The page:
# FitzHugh- Nagumo caricature of the Hodgkin-Huxley equations

I've been trying to solve this problem from Elements of Applied Bifurcation Theory, but even with the hints given I haven't found out how to proceed yet. I would appreciate any further hints or insights you could give me in order to make some progress.

It's exercise 2.6.(2):

The following system of partial differential equations is the FitzHugh- Nagumo caricature of the Hodgkin-Huxley equations modeling the nerve impulse propagation along an axon:

$\frac{\partial u}{\partial t} = \frac{\partial^2 u}{\partial x^2}-f_a(u)-v$,

$\frac{\partial v}{\partial t} = bu$,

where $u(x,t)$ represents the membrane potential, $v=v(x,t)$ is a "recovery" variable, $f_a(u)=u(u-a)(u-1)$, $1>a>0,b>0,-\infty < x < \infty$, and $t>0$.

Traveling waves are solutions to these equations of the form

$u(x,t)=U(\xi)$, $v(x,t)=V(\xi)$, $\xi = x+ct$, where $c$ is an a priori unknown wave propagation speed. The functions $U(\xi)$, $V(\xi)$ are the wave profiles.

(a) Derive a system of three ordinary differential equations for the profiles with "time" $\xi$. (Hint: introduce an extra variable: $W=\dot{U}$.

(b) Check that for all $c>0$ the system for the profiles (the wave system) has a unique equilibrium with one positive eigenvalue and two eigenvalues with negative real parts. (Hint: First, verify this assuming that eigenvalues are real. The, show that the characteristic equation cannot have roots on the imaginary axis, and finally, use the continuous dependence of the eigenvalues on the parameters.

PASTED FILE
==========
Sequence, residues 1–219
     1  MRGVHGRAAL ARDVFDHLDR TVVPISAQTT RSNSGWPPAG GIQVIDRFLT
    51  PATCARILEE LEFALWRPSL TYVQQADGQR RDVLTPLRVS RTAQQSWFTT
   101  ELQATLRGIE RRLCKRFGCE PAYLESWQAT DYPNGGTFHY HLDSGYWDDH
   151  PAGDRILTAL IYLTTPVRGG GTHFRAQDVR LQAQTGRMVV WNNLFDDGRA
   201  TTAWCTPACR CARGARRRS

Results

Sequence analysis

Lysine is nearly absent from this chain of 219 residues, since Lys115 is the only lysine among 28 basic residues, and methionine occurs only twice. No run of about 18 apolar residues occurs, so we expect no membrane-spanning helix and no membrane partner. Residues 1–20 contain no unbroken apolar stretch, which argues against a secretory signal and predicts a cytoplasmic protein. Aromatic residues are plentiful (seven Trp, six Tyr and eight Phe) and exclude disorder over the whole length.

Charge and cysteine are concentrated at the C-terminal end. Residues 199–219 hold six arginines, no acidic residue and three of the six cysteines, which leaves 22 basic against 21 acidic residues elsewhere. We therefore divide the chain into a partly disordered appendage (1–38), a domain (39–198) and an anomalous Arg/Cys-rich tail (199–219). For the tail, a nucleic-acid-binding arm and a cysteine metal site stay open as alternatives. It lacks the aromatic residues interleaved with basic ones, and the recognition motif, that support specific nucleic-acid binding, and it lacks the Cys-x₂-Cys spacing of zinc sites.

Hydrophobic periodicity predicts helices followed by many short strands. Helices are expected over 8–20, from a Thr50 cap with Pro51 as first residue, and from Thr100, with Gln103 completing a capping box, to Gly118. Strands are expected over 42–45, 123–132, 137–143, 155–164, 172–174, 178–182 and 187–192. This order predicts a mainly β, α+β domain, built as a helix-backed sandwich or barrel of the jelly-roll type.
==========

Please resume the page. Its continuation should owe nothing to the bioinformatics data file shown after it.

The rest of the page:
(c) Conclude that the equilibrium can be either a saddle or a saddle- focus with a one-dimensional unstable and a two-dimensional stable in- variant manifold, and find a condition on the system parameters that de- fines a boundary between these two cases. Plot several boundaries in the $(a,c)$-plane for different values of $b$ and specify the region corresponding to saddle-foci. (Hint: at the boundary the characteristic polynomial $h(\lambda)$ has a double root $\lambda_0:h(\lambda_0)=h'(\lambda_0)=0.$).

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Why not try substituting $U(x+ct)$ and $V(x+ct)$ into the PDE and see what you get? – J. M. Oct 6 '10 at 17:38

Here's something to get you started: $u_t=c U'(\xi)$, $u_{xx}=U''(\xi)$, and $v_t=c V'(\xi)$. Plugging this into the system of PDEs gives you a system of two ODEs for $U(\xi)$ and $V(\xi)$. The first of these ODEs is second order in $U$, but you can turn it into a first order equation by replacing $U'(\xi)$ by an auxiliary function $W(\xi)$ and replacing $U''(\xi)$ by $W'(\xi)$, and then augmenting the system with the extra equation $U'=W$. Now you have a system of three first order ODEs (i.e., a dynamical system), and can proceed to part (b).